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Shirleymander review at the Playground Theatre, London – ‘entertaining satire’

Jessica Martin and Jack Klaff in Shirleymander at the Playground Theatre, London. Photo: Simon Bohrsmann
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Gregory Evans’ Shirleymander is an entertaining satire on 1980s local politics with a dark contemporary resonance. Successfully adapted from his 2009 radio play (itself inspired by Andrew Hosken’s book Nothing Like a Dame), it lays bare the notorious malpractices of Dame Shirley Porter’s Conservative Westminster City Council but without thrusting home the anti-corruption message too heavy-handedly.

Porter was found guilty of gerrymandering – fiddling the demographic make-up of the borough for party political gain – in a ‘homes for votes’ scandal that saw her forcing homeless families to move into unsafe tower blocks or out of Westminster while selling empty council houses to middle-class, prospective Conservative voters. The play shows how the autocratic Porter institutes the secret programme ‘Building Stable Communities’ to use social cleansing as a way of securing power.

There’s a certain amount of exposition though not moralising as Evans lampoons Porter and her craven acolytes with Spitting Image-like broad brush strokes rather than psychological subtlety.

In his first show as co-artistic director of the Playground, Anthony Biggs directs with a light touch, incorporating an 80s pop-music soundtrack. Gregor Donnelly’s design of neon-lit Day-Glo platforms and panels suggests a tacky TV game show, with projections of archive newspaper reports.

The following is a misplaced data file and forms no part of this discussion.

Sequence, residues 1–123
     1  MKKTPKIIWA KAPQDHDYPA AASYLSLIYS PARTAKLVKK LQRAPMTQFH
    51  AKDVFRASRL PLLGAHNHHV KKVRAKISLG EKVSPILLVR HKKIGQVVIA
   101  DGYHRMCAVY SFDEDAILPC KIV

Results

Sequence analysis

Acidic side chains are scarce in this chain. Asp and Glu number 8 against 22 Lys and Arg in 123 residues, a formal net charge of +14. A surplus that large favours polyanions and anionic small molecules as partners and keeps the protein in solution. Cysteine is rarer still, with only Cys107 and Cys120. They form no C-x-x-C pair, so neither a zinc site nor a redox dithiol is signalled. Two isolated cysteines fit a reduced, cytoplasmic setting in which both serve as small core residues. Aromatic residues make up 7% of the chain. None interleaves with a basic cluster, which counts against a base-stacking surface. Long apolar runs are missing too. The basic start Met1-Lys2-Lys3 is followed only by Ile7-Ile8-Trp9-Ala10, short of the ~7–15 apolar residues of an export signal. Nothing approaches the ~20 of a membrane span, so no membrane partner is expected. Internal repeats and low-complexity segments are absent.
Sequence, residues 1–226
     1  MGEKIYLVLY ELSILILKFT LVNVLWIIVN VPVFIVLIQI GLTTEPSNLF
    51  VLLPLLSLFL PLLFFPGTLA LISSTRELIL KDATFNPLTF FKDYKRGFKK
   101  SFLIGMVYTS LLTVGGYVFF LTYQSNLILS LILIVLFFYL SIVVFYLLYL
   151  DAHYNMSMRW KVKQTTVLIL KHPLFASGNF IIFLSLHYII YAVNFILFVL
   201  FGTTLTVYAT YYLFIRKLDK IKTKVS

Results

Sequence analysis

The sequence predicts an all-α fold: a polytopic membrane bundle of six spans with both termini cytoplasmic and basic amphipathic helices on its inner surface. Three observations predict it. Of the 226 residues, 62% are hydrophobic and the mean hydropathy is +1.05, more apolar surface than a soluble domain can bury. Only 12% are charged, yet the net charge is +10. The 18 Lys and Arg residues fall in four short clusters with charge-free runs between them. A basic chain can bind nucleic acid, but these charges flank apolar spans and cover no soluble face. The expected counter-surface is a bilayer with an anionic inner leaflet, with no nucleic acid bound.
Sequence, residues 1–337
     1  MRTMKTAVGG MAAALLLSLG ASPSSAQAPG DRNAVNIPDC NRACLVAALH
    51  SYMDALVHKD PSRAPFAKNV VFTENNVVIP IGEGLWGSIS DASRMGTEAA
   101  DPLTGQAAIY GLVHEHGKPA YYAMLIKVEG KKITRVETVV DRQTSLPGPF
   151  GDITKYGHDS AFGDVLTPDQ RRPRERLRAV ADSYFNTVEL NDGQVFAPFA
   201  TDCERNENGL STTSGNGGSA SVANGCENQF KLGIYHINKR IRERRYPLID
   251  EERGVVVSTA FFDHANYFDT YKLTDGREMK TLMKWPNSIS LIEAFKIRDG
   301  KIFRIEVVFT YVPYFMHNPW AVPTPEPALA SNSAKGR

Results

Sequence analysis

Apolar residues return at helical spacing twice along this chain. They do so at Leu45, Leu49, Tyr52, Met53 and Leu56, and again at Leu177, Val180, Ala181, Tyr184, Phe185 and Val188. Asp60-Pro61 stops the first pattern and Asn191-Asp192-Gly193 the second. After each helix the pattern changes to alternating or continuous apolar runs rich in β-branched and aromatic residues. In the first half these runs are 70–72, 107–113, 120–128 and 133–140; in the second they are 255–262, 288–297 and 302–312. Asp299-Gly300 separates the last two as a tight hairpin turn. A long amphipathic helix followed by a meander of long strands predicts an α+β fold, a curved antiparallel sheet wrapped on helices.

Jessica Martin is terrific as the flamboyantly arrogant and unrepentant Porter wearing a variety of colourful outfits, with sterling support from a multi-roling cast including Jack Klaff’s hilariously foul-mouthed right-wing deputy.

But the tall shadow of Grenfell Tower (just minutes away from the theatre) looms over the show, with the public inquiry having just opened and the first anniversary of the disaster coming up. With the Royal Borough of Kensington and Chelsea under criminal investigation for corporate manslaughter, Shirleymander’s depiction of socially divisive housing policies rings an alarming bell.

Playground Theatre: Performance venue is next stop for the company based at a former bus depot

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Entertaining satire on 1980s local politics that still resonates today